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    Published on: April 6, 2010

    by Michael Sansolo

    Where have you gone, Bob Garfield? A nation turns its lonely eyes to you…

    Odds are many of you haven’t heard of Bob Garfield (and sadly many of you have no idea what song I just mimicked. Rent The Graduate!) But let’s get back to Garfield, who announced yesterday he was ending a 25-year run as the advertising reviewer for Ad Age magazine.

    Garfield’s reviews were always worth reading. They were funny, insightful, provocative and occasionally incendiary. (Remind you of any news service you get daily?) Mostly they were great because they were honest. Garfield was unafraid to pull back the curtain on bad or overdone advertising. He would lambast ads that were far too clever and forgot to sell their products and he would gush over great advertising that was memorable and moving. Remember: “Wassup!”

    A few years back I hired Garfield to speak at a Food Marketing Institute (FMI) function and he was everything I expected. He irritated some people, enlightened others and left no one feeling ambivalent. My only regret was that in the process of preparing his speech he asked me if he could do a montage of company presidents acting as television spokespeople for their companies - a role Garfield felt few, if any, played well. I asked him not to for fear of having the entire board of directors in the montage. Garfield agreed, but in the end I was wrong. It was a message that should have been heard.

    What makes someone like Garfield so fabulous is honesty and the willingness to ask the question what everyone else sees, but no one asks. It’s an uncomfortable role, but essential and far too many companies could use a Garfield around simply to keep them honest. (The good news for at least some companies is that he apparently will spend his post-Ad Age life as a consultant ... “my brian is for rent,” he wrote yesterday.)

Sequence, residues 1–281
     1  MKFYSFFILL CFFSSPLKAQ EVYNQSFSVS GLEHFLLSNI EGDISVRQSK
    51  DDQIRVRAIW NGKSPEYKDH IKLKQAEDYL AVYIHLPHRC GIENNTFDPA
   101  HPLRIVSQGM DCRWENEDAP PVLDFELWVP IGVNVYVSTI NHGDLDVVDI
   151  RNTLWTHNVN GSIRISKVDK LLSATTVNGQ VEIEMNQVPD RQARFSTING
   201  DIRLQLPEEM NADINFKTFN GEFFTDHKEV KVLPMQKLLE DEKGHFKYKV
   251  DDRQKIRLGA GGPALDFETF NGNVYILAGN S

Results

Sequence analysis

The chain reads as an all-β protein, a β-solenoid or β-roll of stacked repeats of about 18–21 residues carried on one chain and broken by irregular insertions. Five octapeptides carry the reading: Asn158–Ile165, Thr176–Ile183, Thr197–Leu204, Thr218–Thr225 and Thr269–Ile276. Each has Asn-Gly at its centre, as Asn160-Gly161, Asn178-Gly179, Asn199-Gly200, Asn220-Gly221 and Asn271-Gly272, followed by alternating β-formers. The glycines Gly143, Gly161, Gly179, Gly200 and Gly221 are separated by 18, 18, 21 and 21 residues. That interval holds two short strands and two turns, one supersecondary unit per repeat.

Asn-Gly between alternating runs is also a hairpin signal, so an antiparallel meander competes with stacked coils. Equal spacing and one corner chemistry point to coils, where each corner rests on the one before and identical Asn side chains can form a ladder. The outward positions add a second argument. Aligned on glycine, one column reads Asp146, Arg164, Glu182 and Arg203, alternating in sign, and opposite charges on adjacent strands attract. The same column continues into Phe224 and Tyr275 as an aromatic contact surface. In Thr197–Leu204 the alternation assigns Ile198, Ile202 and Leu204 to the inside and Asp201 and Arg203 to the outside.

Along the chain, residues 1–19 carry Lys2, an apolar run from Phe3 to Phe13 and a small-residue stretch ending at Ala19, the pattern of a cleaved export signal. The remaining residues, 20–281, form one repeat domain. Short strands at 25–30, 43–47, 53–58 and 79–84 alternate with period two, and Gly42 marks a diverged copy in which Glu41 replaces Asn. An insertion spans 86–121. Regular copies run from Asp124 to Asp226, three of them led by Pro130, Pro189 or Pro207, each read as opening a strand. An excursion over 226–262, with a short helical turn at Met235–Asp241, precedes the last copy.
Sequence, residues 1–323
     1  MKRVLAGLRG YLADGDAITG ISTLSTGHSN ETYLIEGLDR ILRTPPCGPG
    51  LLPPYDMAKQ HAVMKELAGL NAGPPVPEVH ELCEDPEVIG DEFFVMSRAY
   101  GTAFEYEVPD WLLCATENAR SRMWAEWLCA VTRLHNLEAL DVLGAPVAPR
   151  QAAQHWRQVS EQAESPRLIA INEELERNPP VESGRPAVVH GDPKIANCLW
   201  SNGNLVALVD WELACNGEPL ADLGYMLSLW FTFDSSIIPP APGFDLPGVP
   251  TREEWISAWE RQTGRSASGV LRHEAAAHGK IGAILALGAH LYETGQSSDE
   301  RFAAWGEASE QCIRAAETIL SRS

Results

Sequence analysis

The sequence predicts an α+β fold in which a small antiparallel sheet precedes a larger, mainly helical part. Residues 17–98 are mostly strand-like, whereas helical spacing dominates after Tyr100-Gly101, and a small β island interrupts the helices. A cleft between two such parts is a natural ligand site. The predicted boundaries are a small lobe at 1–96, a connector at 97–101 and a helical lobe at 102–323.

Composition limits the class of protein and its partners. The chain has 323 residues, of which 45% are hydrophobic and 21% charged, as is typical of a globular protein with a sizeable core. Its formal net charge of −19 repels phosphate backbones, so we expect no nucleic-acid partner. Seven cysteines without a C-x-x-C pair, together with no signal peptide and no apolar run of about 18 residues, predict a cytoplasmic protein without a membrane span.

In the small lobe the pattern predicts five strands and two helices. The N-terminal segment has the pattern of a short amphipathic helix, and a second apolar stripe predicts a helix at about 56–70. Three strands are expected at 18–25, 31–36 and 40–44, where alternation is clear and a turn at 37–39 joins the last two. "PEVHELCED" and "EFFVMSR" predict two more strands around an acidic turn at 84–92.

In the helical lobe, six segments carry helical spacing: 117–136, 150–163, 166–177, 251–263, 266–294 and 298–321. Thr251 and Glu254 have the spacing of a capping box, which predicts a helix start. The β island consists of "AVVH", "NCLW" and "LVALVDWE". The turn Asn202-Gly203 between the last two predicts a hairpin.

An example of asking the uncomfortable question: this past Sunday evening, my daughter and I were in our local supermarket, which serves a community with a sizable population of very observant Jews. Our local Giant store does an excellent business in selling challah, a bread that is most widely used at the start of the Jewish Sabbath on Friday nights. But on Sunday, my daughter pointed out, there was an enormous display of challah - which struck her as unusual since this past week was Passover, the holiday when Jews don’t eat bread. (One has to believe that Giant founder Izzy Cohen was not resting in peace over this mistake...)

    Clearly, nobody pointed this out to the powers that be at this store. Nobody asked the question. And the betting here is that, unless there was a stunning shift in Easter Sunday dining habits, there was a lot of Challah going to waste at this particular store.

    That’s why we have to question and encourage questions all around us. Because sometimes the most obvious mistake is missed by nearly everyone and we need someone to point it out.

    At the risk of doing yet another a plug for “The Big Picture: Essential Business Lessons from the Movies” ... the reason Kevin and I mention it so often is that we believe the lessons have relevance. In this case, consider the lesson of Star Trek V: The Final Frontier, which may be the worst film mentioned in the book, but demonstrates the importance of asking the uncomfortable question in a critical scene toward the end, when Captain Kirk makes as query that everyone around him sees as impertinent, rude and disrespectful. Until they realize that he is right to challenge even the ultimate authority.

    It’s the absolute right question. Ask yourself if you’d do the same or, worse yet, how you’d react if someone questioned you.